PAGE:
Stockpiling

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snoopdog
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Re: Stockpiling

Postby snoopdog » Fri Sep 29, 2017 7:58 pm

I can echo everything that's been posted , exactly ,why I aquired my own hay equipment . We have "good guys " in the hay business here also, and their word IS good, but your hay isn't by the time they get to it. Ive always enjoyed hay season even when I hit my thumb with a hammer , so I say "nuts". Only a few will get that , it's ok.
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Re: Stockpiling

Postby chevytaHOE5674 » Fri Sep 29, 2017 8:44 pm

All the hate for the custom hay guy.... reaffirms my decision to start dropping the needy/demanding customers.

When you have lots of customers and lots of hay acres to make and mother nature gives you exactly 3 separate 3 day windows all season (we had almost 90 inches of rain in June, July, August and our only 90 degree day came last week and from the sounds of it boondocks weather wasn't much better) there is only so much you can do, even just trying to make your own hay. For me after this year all the guys that whined about their hay got told that next year they can find somebody else, the ones that were understanding about mother nature got bumped up the list.
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Re: Stockpiling

Postby M.Magis » Fri Sep 29, 2017 9:10 pm

chevytaHOE5674 wrote:All the hate for the custom hay guy.... reaffirms my decision to start dropping the needy/demanding customers.

When you have lots of customers and lots of hay acres to make and mother nature gives you exactly 3 separate 3 day windows all season (we had almost 90 inches of rain in June, July, August and our only 90 degree day came last week and from the sounds of it boondocks weather wasn't much better) there is only so much you can do, even just trying to make your own hay. For me after this year all the guys that whined about their hay got told that next year they can find somebody else, the ones that were understanding about mother nature got bumped up the list.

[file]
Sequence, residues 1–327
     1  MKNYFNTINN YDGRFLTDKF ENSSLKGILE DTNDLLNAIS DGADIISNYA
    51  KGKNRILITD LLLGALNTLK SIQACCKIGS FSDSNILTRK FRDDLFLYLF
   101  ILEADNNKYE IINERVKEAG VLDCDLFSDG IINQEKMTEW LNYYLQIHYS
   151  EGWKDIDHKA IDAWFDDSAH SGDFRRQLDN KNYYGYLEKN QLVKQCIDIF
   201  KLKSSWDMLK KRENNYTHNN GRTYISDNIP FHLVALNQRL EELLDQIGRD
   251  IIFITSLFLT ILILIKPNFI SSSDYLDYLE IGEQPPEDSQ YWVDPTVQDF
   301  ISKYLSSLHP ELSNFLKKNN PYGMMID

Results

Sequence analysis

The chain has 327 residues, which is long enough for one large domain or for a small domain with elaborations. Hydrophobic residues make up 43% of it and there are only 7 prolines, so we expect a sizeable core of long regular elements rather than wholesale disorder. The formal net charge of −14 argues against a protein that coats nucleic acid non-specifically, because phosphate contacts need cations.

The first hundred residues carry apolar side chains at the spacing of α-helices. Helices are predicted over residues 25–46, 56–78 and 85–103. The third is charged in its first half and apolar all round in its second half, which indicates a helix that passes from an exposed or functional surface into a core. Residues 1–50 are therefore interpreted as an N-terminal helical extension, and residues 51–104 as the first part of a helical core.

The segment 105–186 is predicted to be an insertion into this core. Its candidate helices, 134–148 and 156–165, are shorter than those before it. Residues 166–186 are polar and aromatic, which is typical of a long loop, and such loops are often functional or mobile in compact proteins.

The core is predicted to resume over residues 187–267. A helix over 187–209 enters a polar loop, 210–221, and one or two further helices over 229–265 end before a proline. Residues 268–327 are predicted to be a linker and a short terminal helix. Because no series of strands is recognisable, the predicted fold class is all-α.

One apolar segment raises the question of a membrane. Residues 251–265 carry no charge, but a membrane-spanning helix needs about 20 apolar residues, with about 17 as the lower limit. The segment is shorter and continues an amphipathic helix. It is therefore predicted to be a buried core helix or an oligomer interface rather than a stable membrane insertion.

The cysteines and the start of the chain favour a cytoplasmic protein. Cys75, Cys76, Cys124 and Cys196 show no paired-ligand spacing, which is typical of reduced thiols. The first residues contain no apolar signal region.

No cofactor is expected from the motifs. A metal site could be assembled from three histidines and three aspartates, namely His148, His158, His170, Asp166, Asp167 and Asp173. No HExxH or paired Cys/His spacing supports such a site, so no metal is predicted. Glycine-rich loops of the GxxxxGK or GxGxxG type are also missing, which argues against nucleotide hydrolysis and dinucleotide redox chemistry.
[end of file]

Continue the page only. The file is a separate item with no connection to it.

Pretty sure the complaint came from the hay guy repeatedly saying he’d still get to it, but not following through. If a person is going to run any sort of business, they have to be up front and honest. Broken promises never go over well.
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Re: Stockpiling

Postby boondocks » Fri Sep 29, 2017 9:36 pm

M.Magis wrote:
chevytaHOE5674 wrote:All the hate for the custom hay guy.... reaffirms my decision to start dropping the needy/demanding customers.

When you have lots of customers and lots of hay acres to make and mother nature gives you exactly 3 separate 3 day windows all season (we had almost 90 inches of rain in June, July, August and our only 90 degree day came last week and from the sounds of it boondocks weather wasn't much better) there is only so much you can do, even just trying to make your own hay. For me after this year all the guys that whined about their hay got told that next year they can find somebody else, the ones that were understanding about mother nature got bumped up the list.


Pretty sure the complaint came from the hay guy repeatedly saying he’d still get to it, but not following through. If a person is going to run any sort of business, they have to be up front and honest. Broken promises never go over well.


Yeah, we give him 2/3 of the hay for baling it. We gave him the benefit of the doubt until July, since it had been rainy. The last 2 months, though, we have had several prolonged dry spells, especially the past month. We are almost in the reverse situation now, everything dry as a bone. No rain in a few weeks. And he still hasn't come to do the FIRST CUTTING as of Sept. 29, despite repeated promises. He's baled second cutting elsewhere. I doubt you treat your customers that way, chevy. Still, I don't "blame" him per se. Just reminds me that the only person you can rely on is yourself. IF that! :lol:
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Re: Stockpiling

Postby sim.-ang.king » Fri Sep 29, 2017 9:40 pm

2/3 is lot for these parts. If it's on your land it's usually on the half's.
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Re: Stockpiling

Postby dun » Fri Sep 29, 2017 9:51 pm

M.Magis wrote:
chevytaHOE5674 wrote:All the hate for the custom hay guy.... reaffirms my decision to start dropping the needy/demanding customers.

When you have lots of customers and lots of hay acres to make and mother nature gives you exactly 3 separate 3 day windows all season (we had almost 90 inches of rain in June, July, August and our only 90 degree day came last week and from the sounds of it boondocks weather wasn't much better) there is only so much you can do, even just trying to make your own hay. For me after this year all the guys that whined about their hay got told that next year they can find somebody else, the ones that were understanding about mother nature got bumped up the list.